An Australian doctor has revealed medical professionals in Australia are banned from promoting people get the coronavirus vaccine.
Dr Preeya Alexander, a GP and mother-of-two, exposed the ‘ridiculous’ gag on a post on her Instagram account, The Wholesome Doctor, on Tuesday.
She has pointed out the Therapeutic Goods Administration has warned that doctors would be breaking the law if they voice their opinions on a Covid vaccine online, while notorious anti-vaxxers are protected by free speech.
Dr Preeya Alexander (pictured) said she and her GP colleagues are banned by the TGA from promoting Covid vaccines online
Dr Alexander in a post on Tuesday said she was ‘confused’ and ‘appalled’ at the rule preventing her from providing information
The Therapeautic Goods Act 1989 prevents medical professionals from advertising or promoting treatments including prescription medications.
The basis for the ban is so that doctors remain impartial and objective when recommending treatments, however, Dr Alexander argues the rule also means those with expertise are unable to publicly advocate for a vaccine.
She argues public figures arguing against a vaccine were given an uneven platform to spread misinformation – referencing well-known anti-vaccination campaigner and former My Kitchen Rules host Pete Evans.
‘A former celebrity chef can widely spread misinformation regarding the COVID-19 and other vaccines … as can a ‘WAG’ or former model. But a qualified health professional can’t share their expert views on the COVID-19 vaccine?’ she posted.
‘Our hands are now tied and we are silenced, literally left powerless to fight the absolute nonsense and health misinformation.’
Dr Alexander said she was ‘confused’ and ‘appalled’ she and her colleagues are effectively gagged from talking about a vaccine on platform like Instagram – which could affect people making an informed choice.
‘When I and many of my colleagues on here discuss vaccinations it’s not promotion – it’s information,’ she said.
Most of those commenting on the post agreed – with many other doctors expressing their frustration not only at the gag law but at social media platforms for allowing misinformation to spread.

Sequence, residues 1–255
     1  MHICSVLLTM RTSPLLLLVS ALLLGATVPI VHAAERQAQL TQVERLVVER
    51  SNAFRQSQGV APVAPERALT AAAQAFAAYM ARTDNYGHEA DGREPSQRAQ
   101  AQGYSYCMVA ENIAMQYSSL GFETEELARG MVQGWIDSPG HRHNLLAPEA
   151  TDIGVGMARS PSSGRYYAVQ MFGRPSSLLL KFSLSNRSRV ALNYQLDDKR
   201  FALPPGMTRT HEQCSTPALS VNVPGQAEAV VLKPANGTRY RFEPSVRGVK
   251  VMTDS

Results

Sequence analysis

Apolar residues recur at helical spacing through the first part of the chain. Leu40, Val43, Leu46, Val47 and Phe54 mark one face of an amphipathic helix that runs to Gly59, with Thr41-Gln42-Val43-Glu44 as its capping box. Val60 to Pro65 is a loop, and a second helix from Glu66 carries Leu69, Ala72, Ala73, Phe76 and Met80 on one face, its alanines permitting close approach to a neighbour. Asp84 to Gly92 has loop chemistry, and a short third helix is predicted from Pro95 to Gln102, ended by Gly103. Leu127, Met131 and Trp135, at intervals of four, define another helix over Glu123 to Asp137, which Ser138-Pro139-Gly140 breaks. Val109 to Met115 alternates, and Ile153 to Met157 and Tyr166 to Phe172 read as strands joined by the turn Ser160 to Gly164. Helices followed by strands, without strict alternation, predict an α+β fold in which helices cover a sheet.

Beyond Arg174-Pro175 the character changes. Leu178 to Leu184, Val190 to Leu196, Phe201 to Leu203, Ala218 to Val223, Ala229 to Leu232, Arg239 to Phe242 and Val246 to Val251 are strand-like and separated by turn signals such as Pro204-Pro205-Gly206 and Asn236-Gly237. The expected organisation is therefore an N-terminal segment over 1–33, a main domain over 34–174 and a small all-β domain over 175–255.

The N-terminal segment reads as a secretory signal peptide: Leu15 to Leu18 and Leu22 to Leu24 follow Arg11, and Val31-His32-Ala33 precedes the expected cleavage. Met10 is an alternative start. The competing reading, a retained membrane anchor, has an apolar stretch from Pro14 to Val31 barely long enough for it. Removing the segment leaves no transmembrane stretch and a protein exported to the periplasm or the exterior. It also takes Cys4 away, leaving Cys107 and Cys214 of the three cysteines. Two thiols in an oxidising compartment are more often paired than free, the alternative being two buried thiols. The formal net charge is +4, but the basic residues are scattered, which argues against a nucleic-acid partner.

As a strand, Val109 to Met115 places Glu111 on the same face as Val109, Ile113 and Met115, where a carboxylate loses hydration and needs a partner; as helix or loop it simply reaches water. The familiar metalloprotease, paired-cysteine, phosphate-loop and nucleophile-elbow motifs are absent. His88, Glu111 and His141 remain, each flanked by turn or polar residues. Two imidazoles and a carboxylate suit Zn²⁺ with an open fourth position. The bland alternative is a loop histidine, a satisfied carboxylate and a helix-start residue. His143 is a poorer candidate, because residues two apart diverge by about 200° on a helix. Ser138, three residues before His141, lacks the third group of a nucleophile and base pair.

‘Influencers can make any claim about any product but doctors can’t discuss a TGA listed product … My frustration levels have reached 11/10 at how ridiculous social media platforms are for allowing and promoting misinformation,’ one person said.
‘I get why the TGA has done this, we have amazingly strict rules on advertising to protect patients. But totally agree, it’s accidentally led to us being hamstrung whilst misinformation can be spread far and wide.’ another added.
She said the rule allowed anti-vaxxer campaigners like Pete Evans (pictured) an uneven platform to spread misinformation
Royal Australian College of General Practioners president Dr Karen Price said she has been in contact with the TGA about the issue – and they agree more clarification is needed.
She explained she retweeted a list of vaccine from the World Health Organisation and asked if that would be against the law.
‘They told me no, that was providing information – the problem would be if I went on to say ‘Come to my clinic’ – it’s about the inducement.’ she told news.com.au.
‘But doctors can say they are going to offer COVID vaccines on this date, and clearly if you come into a clinic you can discuss it as you would normally.’
She said her organisation and the TGA were in discussions about the issue.
The TGA said in a statement that the same rules for any medication also applied to coronavirus vaccines.
Dr Alexander from Sydney runs The Wholesome Doctor blog and Instagram account
They said doctors could promote vaccines in general but not any particular brand of vaccine – and they could also share government authorised material about vaccines and the rollout with no issue.
‘It is important to note that discussions and information shared between a health professional and their patient during a course of treatment (eg during a consultation) are not subject to the advertising requirements for therapeutic goods,’ the statement explains.
‘The TGA accepts however that not all information (including in social media posts) is advertising within the meaning of the Act. Distinguishing between factual, balanced and non-promotional information, and the promotion of the use or supply of therapeutic goods (ie. advertising) can be difficult and needs to be assessed on a case-by-case basis and in the context in which it is presented.
‘For example, the Act could not prohibit a doctor from giving their view in relation to vaccination generally (which is a service rather than a product) however if that view extends to identifying particular vaccine products discussed in a favourable way it would likely be captured by the Act.’
Source: Daily Mail Australia | World News